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Adopted by the ACCA membership on December 8, 2016

 

2017 Alabama County Platform

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About the Platform

 

FOUNDATION PRINCIPLES

The heart of ACCA’s legislative advocacy is these 11 Foundation Principles which stake out the counties’ position on core issues. Under each Foundation Principle, there are Strategic Goals and Policy Statements that go into greater detail.

 

 

County Expenditures for Compensation and Benefits

Foundation Principle:  The County Commission is charged with making the budgeting decisions necessary to provide the most effective and efficient services to the citizens within the revenue available in each of the 67 courthouses.  Legislatively-mandated adjustments in salary and benefits pose a threat to the delivery of such services.  For this reason, the Association opposes any legislation which mandates any expenditure of county revenues for the payment of compensation, salary supplements, expense allowances, or benefits for current or former government officials or employees.

 

 

Alabama Governmental Structure

Foundation Principle: The relationship between Alabama counties and the Alabama Legislature is established in constitutional and statutory law. The preservation of a constitutional relationship between the State of Alabama and its counties as well as a workable and productive statutory allocation of responsibilities between the state and the counties is essential to the delivery of services.  Therefore, Alabama counties encourage the Alabama Legislature to fully fund state agencies and opposes the shifting of costs and administrative responsibility of state functions to the local level through the state budget process.

 

 

Mandated and Unfunded Legislation

Foundation Principle: Without the authority to levy taxes or even collect fees for services, Alabama counties constantly struggle to provide an adequate level of services to ensure health, safety and prosperity of local citizens.  Alabama’s constitution provides protection from the enactment of mandated and unfunded responsibilities onto county government to ensure the financial integrity of the commission.  The Association strongly supports the intent of Alabama’s constitutional language prohibiting the enactment of unfunded mandates and opposes the establishment of such mandates through federal or state administrative actions.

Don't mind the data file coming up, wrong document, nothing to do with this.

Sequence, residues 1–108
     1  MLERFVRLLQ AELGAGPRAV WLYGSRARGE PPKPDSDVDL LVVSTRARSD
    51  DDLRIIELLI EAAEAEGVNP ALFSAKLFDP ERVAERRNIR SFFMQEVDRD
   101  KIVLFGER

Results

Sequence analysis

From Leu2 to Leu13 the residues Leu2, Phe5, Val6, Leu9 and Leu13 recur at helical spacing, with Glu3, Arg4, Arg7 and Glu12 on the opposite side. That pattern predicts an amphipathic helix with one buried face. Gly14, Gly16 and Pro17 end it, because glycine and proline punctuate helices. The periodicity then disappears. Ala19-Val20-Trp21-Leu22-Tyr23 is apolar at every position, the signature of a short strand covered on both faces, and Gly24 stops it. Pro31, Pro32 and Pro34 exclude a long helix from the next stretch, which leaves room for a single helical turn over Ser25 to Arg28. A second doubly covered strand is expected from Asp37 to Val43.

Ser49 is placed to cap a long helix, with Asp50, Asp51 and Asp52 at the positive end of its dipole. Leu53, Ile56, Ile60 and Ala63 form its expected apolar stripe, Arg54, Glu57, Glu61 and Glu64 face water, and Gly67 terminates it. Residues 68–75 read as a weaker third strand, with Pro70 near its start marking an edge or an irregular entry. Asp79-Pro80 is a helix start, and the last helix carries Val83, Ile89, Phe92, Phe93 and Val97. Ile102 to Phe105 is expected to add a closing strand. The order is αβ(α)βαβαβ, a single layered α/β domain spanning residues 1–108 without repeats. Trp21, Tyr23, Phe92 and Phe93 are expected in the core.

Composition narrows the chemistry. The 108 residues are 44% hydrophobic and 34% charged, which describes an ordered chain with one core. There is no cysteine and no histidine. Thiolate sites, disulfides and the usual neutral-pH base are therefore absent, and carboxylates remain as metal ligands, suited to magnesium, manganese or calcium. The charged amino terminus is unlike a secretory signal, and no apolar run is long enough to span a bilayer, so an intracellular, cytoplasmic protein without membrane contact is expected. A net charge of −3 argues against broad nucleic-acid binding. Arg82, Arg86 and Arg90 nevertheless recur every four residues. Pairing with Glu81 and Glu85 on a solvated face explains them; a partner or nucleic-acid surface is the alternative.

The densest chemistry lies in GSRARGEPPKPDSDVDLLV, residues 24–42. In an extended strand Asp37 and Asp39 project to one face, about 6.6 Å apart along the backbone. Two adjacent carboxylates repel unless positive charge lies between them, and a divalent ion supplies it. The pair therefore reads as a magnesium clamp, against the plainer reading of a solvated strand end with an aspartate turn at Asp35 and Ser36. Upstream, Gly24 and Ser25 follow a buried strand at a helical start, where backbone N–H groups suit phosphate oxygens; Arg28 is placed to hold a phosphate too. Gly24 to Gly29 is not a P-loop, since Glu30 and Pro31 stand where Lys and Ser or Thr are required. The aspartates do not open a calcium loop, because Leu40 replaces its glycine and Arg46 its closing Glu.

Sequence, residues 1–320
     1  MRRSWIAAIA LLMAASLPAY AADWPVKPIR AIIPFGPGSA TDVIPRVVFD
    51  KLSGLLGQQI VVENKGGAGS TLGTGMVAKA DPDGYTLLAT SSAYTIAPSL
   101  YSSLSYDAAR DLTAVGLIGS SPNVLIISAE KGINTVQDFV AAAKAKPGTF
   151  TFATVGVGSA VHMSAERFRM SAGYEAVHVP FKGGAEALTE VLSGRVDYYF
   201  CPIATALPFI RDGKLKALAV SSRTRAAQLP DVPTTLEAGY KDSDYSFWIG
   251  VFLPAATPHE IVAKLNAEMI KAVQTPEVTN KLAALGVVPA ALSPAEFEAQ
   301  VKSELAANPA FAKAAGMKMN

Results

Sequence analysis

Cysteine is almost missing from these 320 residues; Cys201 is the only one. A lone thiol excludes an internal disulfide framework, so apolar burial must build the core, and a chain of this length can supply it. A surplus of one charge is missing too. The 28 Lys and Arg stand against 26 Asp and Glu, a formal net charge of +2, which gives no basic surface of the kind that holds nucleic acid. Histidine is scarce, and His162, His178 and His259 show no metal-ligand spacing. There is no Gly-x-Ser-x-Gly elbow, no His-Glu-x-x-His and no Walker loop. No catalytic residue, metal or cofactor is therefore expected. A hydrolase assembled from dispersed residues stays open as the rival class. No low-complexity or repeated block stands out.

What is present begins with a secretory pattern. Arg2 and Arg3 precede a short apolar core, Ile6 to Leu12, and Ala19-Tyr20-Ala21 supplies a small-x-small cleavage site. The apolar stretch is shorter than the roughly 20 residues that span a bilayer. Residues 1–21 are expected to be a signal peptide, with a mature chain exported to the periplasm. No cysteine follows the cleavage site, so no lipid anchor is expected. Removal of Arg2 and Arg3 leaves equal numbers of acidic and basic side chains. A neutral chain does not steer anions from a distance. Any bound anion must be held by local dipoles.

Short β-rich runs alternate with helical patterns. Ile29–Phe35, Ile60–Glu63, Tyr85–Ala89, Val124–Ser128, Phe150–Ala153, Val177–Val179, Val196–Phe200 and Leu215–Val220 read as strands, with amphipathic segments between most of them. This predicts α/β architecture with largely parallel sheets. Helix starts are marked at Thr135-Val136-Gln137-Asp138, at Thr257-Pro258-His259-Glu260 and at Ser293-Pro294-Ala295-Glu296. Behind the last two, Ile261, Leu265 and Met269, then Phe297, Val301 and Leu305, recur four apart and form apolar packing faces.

County Operations and Budget Authority

Foundation Principle: The county governing body serves as both the legislative and administrative branch of government at the local level – carrying out both budgetary duties as well as providing administrative leadership for many functions.  The budgetary, personnel and administrative functions carried out by the county commission are essential to the financial and operational health of county government in Alabama.  The Association opposes any efforts that will obstruct the commission’s ability to effectively govern and to maintain the administrative and financial well-being of the services delivered by the county commission.

 

 

Election Administration

Foundation Principle: Alabama’s election laws must maintain an unquestioned level of integrity and objectivity while avoiding the wasteful spending of limited local and state resources.  Likewise, the reporting and disclosure requirements placed on candidates only serve to bolster such efforts to garner public confidence in the election process.  The Association supports efforts to eliminate many of the unenforceable and overbroad provisions of Alabama’s election law while not generating additional unnecessary costs or burdens at the local level.

 

 

Environment, Land Use, and Public Works

Foundation Principle:  County government’s role in the effective administration and enforcement of Alabama’s law affecting environmental issues, land use and public works administration is often confusing.  Counties lack land-use authority, but are required to grant initial approval for landfills.  Counties seek to enhance the delivery of services by improving their public facilities and programs, but often are impeded by federal and state regulations, inspections, and prohibitions that do not serve the public’s best interests.  The exercise of extra-jurisdictional powers by municipalities further clouds the role of county government.  The Association seeks legislative and administrative solutions to these conflicts and encourages all related agencies to interact with counties to ensure the proper delivery of services and the enforcement of requirements and regulations.